Saturday, August 24, 2013
Habanot Nechama you probably already know that Karolina (Keren Avratz) has an amazingly flexible and expressive voice and is a very capable songwriter. When she sings in English her Israeli accent is thick enough to cut with a knife but somehow that doesn't matter.
"Zohar" (Glamor) is her second solo album. The original CD was rather short and included two different versions of Al Te'ahar (Don't Be Late), with an acoustic rendition closing the album. On this album she drops the soul and reggae influences which were so evident on her first album and with Funset and adds a little Mizrahi flavor, even though she is not from that tradition. Zohar, with the exception of her Chanson For Lebanon, has a much more contemporary feel. The words are entirely in Hebrew with the exception of "Save Me From Myself", and surprisingly that may be my favorite from this album.
The new version adds an EP of covers, three well known Israeli songs from the '60s and '70s plus a collaboration with Boom Pam on a version of Led Zeppelin's Black Dog, with a surprising amount of Middle Eastern flavor added to the instrumentation. Karolina practically channels Cilla Dagan, who sang the original version of Yom Bo Yakom, and does a beautiful rendition of Zohar Argov's Tzel Etz Tamar (Shadow of the Palm Tree).
This is an album I just keep going back to again and again. Definitely pick up the Special Edition if you're going to get a copy of Zohar. It's more than worth a little bit extra to hear Karolina rework the old songs.
Here are a couple of songs from the album:
Tuesday, July 16, 2013
Once upon a time, not too long ago, if you scheduled time with a professional in any field and you needed to cancel you called to let them know. You didn't just pull a no show unless something was seriously wrong. There is no shame in saying things aren't going to work out for whatever reason. You don't even need to give a reason. In this day and age, with smartphones everywhere, giving the courtesy of a note cancelling a meeting takes a few minute and can be done by phone, text or e-mail.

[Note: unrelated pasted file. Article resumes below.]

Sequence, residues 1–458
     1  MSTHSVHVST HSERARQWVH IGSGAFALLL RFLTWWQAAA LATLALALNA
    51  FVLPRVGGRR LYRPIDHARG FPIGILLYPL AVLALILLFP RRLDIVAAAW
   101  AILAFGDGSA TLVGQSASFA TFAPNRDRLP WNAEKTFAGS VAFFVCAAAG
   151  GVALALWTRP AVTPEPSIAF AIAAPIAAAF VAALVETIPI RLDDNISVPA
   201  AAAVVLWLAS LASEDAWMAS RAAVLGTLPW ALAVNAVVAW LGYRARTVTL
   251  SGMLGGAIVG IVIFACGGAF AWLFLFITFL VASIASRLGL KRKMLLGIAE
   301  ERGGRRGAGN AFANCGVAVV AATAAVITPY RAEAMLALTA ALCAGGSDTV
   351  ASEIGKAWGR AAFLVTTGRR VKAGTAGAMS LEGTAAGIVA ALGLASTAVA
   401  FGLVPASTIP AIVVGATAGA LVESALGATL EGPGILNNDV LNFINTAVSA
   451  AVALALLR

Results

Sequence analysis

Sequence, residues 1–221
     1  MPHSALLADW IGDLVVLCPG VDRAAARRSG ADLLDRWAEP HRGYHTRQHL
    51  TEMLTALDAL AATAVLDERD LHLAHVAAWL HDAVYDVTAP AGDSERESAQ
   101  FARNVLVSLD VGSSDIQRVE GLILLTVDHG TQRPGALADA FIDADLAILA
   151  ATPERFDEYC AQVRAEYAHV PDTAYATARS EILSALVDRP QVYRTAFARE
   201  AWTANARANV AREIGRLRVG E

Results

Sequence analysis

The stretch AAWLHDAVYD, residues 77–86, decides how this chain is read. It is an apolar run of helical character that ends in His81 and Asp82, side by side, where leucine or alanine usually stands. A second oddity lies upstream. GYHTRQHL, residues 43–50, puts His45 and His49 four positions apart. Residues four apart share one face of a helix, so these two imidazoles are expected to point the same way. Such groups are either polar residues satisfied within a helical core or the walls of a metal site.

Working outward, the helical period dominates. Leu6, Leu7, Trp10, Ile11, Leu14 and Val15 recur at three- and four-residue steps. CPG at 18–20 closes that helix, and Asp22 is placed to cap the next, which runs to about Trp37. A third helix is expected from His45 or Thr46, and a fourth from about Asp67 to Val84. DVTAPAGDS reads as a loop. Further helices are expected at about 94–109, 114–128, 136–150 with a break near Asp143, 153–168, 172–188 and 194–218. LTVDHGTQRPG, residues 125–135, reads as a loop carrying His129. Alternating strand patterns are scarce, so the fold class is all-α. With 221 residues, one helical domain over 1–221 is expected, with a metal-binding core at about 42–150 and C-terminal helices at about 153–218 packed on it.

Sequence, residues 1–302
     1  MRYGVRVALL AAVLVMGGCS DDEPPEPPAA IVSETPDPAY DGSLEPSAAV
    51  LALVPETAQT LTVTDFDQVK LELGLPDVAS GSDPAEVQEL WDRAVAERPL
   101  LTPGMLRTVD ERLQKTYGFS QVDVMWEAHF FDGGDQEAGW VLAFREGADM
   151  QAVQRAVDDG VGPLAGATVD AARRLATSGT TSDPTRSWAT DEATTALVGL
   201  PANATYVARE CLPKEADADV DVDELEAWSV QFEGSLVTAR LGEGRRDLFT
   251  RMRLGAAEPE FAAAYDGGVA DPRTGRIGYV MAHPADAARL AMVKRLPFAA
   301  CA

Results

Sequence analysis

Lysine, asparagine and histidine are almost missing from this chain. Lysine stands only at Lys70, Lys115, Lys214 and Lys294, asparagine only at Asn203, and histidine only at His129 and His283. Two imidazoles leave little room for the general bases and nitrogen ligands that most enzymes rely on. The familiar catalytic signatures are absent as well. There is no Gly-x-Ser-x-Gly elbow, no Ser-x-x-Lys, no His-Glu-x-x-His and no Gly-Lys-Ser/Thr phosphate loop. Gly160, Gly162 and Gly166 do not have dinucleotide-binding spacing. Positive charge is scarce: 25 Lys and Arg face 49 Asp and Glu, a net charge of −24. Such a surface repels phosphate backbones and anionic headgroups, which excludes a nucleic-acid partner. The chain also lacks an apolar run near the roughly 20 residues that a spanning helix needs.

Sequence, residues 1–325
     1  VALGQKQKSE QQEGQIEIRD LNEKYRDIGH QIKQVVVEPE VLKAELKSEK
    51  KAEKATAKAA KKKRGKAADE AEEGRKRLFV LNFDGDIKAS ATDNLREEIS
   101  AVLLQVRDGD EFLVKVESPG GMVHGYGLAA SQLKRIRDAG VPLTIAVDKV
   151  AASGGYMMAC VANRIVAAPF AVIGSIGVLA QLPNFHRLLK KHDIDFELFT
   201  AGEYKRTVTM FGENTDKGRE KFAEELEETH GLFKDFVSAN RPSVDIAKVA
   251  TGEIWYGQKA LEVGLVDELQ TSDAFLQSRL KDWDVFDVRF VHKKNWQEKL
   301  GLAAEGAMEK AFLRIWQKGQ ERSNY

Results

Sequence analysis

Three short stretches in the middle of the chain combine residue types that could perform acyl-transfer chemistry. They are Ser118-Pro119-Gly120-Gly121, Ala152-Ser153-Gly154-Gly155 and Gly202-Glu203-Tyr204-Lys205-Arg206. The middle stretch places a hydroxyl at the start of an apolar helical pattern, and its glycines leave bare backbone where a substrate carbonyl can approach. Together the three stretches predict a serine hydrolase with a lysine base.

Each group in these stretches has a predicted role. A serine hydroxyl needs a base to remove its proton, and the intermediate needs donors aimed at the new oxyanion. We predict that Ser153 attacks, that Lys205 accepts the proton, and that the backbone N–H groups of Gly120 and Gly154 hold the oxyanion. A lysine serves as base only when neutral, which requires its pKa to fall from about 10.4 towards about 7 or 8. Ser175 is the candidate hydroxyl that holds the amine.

I find it amazing, not to mention incredibly unprofessional, than one person in the business world would simply stand up another like this. Time is valuable. Is professional courtesy dead? Is it a thing of the past. Sadly, it seems to be.
Monday, June 10, 2013
Me, well... I like most vegetables and I eat lots of them. The ones I really don't like I can count on the fingers of my right hand and still have fingers left over. I hate asparagus. I really don't like endive. Kale (and most greens) taste bitter to me. Why have kale when you can have spinach? I like spinach.
Imagine my surprise when my meat and potatoes friend calls me asking for kale recipes. Kale? She's going to eat kale? She read somewhere that it's a super food and really good for her and she wants a way to prepare kale that will taste good to her. Oof! Almost any other vegetable and I would have clever ideas. Spinach recipes, I have endless spinach recipes. Kale? I've got nothing.I've never been one to shy away from a good challenge and I need to lose weight too. If kale is this super food then maybe I need to learn how to make tasty kale, right? Sure. My first attempt, suggested by Bobby Flay online, didn't turn out so well. Maybe I didn't cook it enough, or maybe just garlic isn't enough to mask the bitterness, but let's just say I didn't eat it. I also found raw kale salad suggestions. I'd rather eat newspaper. It isn't as bitter and the texture is better.
Tonight it turned out the third time was the charm. I sauteed the kale in very good Halutza extra virgin olive oil from Israel. I used more garlic. I added chopped green onion. I also used Heritage Fair Greens Seasoning. I cooked it longer and got it a bit softer. It really wasn't bad at all the way I made it. My main dish was vegetarian Tofurkey Italian style sausage and peppers (three kinds) with mushrooms, fresh tomatoes, yellow squash and green onion in a tomato based pasta sauce over Jewish style egg noodles. It ended up being a nice dinner.
OK, I ate kale and it didn't kill me. I have a tiny bit left over in a Tupperware in the fridge. I wonder if it would be good in an omelet in the morning. Hmmm... [Photo courtesy of WikiMedia Commons]
Sunday, April 21, 2013
Ever since the Boston Marathon bombings lots on lots of people on the Internet are playing a despicable blame game, blaming everyone and anyone they don't like for the terrorist attack; anyone except Dzhokhar and Tamerlan Tsarnaev, that is. The conspiracy theorist version of the blame game includes claiming this was actually a U.S. government plot or an Israeli/Mossad "false flag operation". The right wing version often includes blaming Islam as a whole and every Muslim on the planet. For right now I'm going to pick on a left wing version: blaming the victims (the United States) and our friends in the world.